Allied Forces

June 30, 2004

New Republic Online

 

With the U.S. having transferred sovereignty to Iraqis earlier this week, the Kurds find themselves in a more precarious position than at any time in the last year. On June 8, the U.N. Security Council accepted a new resolution dictating the guidelines for post-U.S. Iraq. The resolution did not mention the autonomy that Kurds have meticulously constructed in northern Iraq since 1991; nor did it refer to the Kurds' growing independence in Iraq since the end of the most recent war. The absence of such acknowledgments from the resolution went a long way toward confirming the Kurds' worst fears about the direction of post-Saddam Iraq: that the country's majority Arab population will take the nation's destiny into its own hands, without regard for the aspirations of the Kurdish minority. With the U.S. gone, Kurds increasingly face the prospect of political isolation in their own country.

 

Confronting hostility from their neighbors to the south, Kurds may now seek friendship to their north. During much of the 1990s, Kurds enjoyed a mostly chilly relationship with the Turkish government in Ankara, which has always been wary of Kurdish nationalism. So it may seem odd that an alliance, or at least a warming of relations, with Turkey is now very much in the Kurds' interest. But the Kurds cannot afford to be isolated on both their southern and northern flanks at the same time. They need allies in a region generally hostile to their aspirations. As a result, it would not be surprising to see the Kurds make overtures to Ankara in the months ahead.

 

The Kurds, of course, have enjoyed autonomy and relative success in building their society during the last thirteen years. But relations with their neighbors have not always been smooth. Operations during the 1990s by the terrorist Kurdistan Workers Party (PKK)--which used northern Iraq as a base to attack southeastern Turkey--led to a deterioration of relations between Ankara and the two governing entities in that region, the Kurdistan Democratic Party (KDP) and the Patriotic Union of Kurdistan (PUK). And since the ouster of Saddam, the Kurds have frequently been at odds with Iraqi Arabs to their south. At the onset of war, when Turkey refused to allow the U.S. to open up a northern front against Saddam, the Kurds moved to fill the void. The two Kurdish parties, already close with the U.S., became America's only and best allies in Iraq, hoping that in return Washington would reward them. Shortly after the war, the KDP and PUK expanded their territorial control, grabbing parts of north-central Iraq, including the city of Kirkuk, which sits atop 40 percent of Iraq's oil. In Baghdad, the two parties made clear that the rest of Iraq would have to take them seriously. According to one member of the Iraqi Governing Council whom I spoke to while traveling in Iraq this past winter, "When the Council discusses business regarding northern Iraq, the Kurds do not allow anyone else to join in the debate." The KDP and PUK made sure their autonomy was mentioned in Iraq's interim constitution. More importantly, the Kurds won the right to veto the permanent Iraqi constitution if they found it detrimental to their interests.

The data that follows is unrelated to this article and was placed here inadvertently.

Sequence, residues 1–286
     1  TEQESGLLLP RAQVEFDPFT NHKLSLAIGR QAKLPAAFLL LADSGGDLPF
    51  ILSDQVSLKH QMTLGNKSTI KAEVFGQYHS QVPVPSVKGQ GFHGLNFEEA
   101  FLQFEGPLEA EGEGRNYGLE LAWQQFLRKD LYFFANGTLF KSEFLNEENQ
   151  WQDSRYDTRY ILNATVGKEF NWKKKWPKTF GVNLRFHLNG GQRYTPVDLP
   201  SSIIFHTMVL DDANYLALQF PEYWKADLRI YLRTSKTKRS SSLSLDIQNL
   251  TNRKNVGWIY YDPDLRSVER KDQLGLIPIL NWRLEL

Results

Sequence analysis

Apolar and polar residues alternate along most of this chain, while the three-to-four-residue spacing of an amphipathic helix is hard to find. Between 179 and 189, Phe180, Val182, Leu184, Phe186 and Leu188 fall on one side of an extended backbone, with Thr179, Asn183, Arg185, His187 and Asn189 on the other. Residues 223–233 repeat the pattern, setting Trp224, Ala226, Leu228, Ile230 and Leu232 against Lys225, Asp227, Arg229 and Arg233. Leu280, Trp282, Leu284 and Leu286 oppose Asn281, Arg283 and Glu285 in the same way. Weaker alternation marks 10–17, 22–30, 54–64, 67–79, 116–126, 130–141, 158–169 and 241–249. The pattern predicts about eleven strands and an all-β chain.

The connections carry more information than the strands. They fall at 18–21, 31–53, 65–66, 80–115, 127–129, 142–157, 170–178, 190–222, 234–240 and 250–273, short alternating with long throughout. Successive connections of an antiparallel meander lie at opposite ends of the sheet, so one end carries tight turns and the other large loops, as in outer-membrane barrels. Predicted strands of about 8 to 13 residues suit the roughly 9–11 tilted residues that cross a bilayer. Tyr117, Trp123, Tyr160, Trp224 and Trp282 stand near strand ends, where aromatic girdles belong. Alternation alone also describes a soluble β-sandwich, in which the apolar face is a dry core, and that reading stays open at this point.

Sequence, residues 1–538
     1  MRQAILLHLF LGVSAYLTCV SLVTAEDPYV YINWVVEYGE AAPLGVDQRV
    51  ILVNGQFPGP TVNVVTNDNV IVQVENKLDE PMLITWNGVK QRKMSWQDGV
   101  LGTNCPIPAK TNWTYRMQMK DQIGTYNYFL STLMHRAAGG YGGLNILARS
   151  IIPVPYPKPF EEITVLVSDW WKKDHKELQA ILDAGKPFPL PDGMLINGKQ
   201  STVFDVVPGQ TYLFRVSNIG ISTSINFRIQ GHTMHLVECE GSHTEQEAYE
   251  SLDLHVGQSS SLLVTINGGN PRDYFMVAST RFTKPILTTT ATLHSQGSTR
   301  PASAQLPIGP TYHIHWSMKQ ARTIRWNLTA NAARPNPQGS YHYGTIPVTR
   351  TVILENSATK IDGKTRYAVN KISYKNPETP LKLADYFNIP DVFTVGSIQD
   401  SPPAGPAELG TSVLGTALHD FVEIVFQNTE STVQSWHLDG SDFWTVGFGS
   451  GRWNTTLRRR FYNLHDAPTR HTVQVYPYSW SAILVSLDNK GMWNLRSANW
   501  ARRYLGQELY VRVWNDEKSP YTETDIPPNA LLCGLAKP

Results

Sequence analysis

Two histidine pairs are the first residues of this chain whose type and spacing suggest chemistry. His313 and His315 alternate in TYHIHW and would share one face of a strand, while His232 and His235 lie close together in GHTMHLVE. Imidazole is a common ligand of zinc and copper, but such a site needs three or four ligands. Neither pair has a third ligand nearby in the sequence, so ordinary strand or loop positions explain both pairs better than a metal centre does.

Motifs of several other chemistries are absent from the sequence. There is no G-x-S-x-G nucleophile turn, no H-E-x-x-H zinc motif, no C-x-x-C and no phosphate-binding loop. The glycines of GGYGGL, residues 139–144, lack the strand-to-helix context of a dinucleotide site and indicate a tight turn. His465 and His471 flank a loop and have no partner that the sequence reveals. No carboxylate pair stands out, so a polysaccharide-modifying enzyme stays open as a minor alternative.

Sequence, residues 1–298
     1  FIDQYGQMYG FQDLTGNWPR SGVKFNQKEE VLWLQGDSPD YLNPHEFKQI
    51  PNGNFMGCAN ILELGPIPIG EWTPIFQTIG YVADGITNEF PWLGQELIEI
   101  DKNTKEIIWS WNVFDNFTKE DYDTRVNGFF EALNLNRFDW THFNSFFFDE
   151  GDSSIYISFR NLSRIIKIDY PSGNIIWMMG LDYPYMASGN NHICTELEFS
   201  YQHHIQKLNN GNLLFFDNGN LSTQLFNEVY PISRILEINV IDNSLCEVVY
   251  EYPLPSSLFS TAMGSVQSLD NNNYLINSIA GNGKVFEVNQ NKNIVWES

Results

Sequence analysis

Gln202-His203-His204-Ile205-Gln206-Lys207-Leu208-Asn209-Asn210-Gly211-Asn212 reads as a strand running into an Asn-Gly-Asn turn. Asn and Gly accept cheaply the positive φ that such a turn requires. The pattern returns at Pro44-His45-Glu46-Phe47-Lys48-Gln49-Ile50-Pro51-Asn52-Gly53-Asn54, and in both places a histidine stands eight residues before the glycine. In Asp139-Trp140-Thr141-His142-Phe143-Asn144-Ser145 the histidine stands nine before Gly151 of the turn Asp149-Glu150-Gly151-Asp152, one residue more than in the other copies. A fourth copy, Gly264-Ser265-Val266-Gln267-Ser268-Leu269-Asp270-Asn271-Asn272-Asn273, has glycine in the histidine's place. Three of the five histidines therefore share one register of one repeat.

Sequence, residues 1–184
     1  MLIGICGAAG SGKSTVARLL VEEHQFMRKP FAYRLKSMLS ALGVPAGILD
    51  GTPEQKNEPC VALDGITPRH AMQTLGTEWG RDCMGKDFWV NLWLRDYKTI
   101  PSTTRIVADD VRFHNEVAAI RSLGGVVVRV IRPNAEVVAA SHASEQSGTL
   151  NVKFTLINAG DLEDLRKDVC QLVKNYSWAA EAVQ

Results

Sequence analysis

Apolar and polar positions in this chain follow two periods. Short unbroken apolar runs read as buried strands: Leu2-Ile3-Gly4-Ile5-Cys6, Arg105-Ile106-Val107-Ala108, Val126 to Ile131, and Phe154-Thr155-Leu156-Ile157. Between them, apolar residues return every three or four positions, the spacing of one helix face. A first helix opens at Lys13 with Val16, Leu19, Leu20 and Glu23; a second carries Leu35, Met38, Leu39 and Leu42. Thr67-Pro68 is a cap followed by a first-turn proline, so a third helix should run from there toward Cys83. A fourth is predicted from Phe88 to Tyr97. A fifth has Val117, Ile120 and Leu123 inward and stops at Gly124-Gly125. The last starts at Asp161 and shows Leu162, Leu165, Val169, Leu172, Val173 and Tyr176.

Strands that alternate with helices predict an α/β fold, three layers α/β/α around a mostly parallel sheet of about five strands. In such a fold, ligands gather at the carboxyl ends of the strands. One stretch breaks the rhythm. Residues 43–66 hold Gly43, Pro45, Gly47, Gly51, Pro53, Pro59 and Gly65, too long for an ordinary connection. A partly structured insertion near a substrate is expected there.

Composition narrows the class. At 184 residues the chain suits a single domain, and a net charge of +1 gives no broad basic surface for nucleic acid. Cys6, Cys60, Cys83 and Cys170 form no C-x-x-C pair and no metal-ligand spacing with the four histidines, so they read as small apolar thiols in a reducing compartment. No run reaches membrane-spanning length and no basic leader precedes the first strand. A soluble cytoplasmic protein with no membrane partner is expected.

Not surprisingly, these gains by the Kurds have only frustrated non-Kurdish Iraqis. Such privileges are unfair, they say, because the Kurds are a relatively small minority in Iraq, making up just 15 to 20 percent of Iraq's population. Iraqi Arabs resent that Kurds secured their rights through U.S. favor. When I spoke last winter to Shiite notables and tribal and religious leaders in southern Iraq, many referred to the Kurds as "infidel" collaborators and seemed very unhappy with their gains in post-war Iraq. This feeling is as potent among the Sunnis as among the Shiites. On June 14, five Kurdish fighters whose car broke down outside the Arab city of Samarra in the Sunni triangle were ambushed and killed. The episode was similar to the brutal slaying of U.S. contractors in Fallujah on March 31: The corpses of the five Kurdish men were abused and burnt beyond recognition. If this atrocity indicates anything, it is that a simmering hatred for Kurds endures among many Arabs.

 

Arab distrust of Kurds has undermined U.S. efforts to secure Iraq. Washington has started to appreciate the fact that its constituency in Iraq includes not only the Kurds, but also the country's Arab majority population, especially Shiites. Back in March, when Shiite cleric Grand Ayatollah Sistani expressed dissatisfaction with Kurdish veto powers in the interim constitution, Washington first tried to placate him. When that strategy backfired, however, the U.S. acquiesced to Shiite demands and approved the June 8 U.N. resolution that failed to mention the Kurds.

 

Now that Iraqis have reclaimed their sovereignty, Kurds will likely find themselves opposing the rest of Iraq on a number of issues, ranging from secularism to the future of the Kirkuk oil fields. The Kurds seem unlikely to budge on secularism. The PUK Minister of Cooperation and Foreign Affairs, Abdul Rezzak Mirza, says that "secularism is an outstanding issue between the PUK and the rest of Iraq. If secularism is not written into Iraq's constitution, we will use all our means to fight and resist that."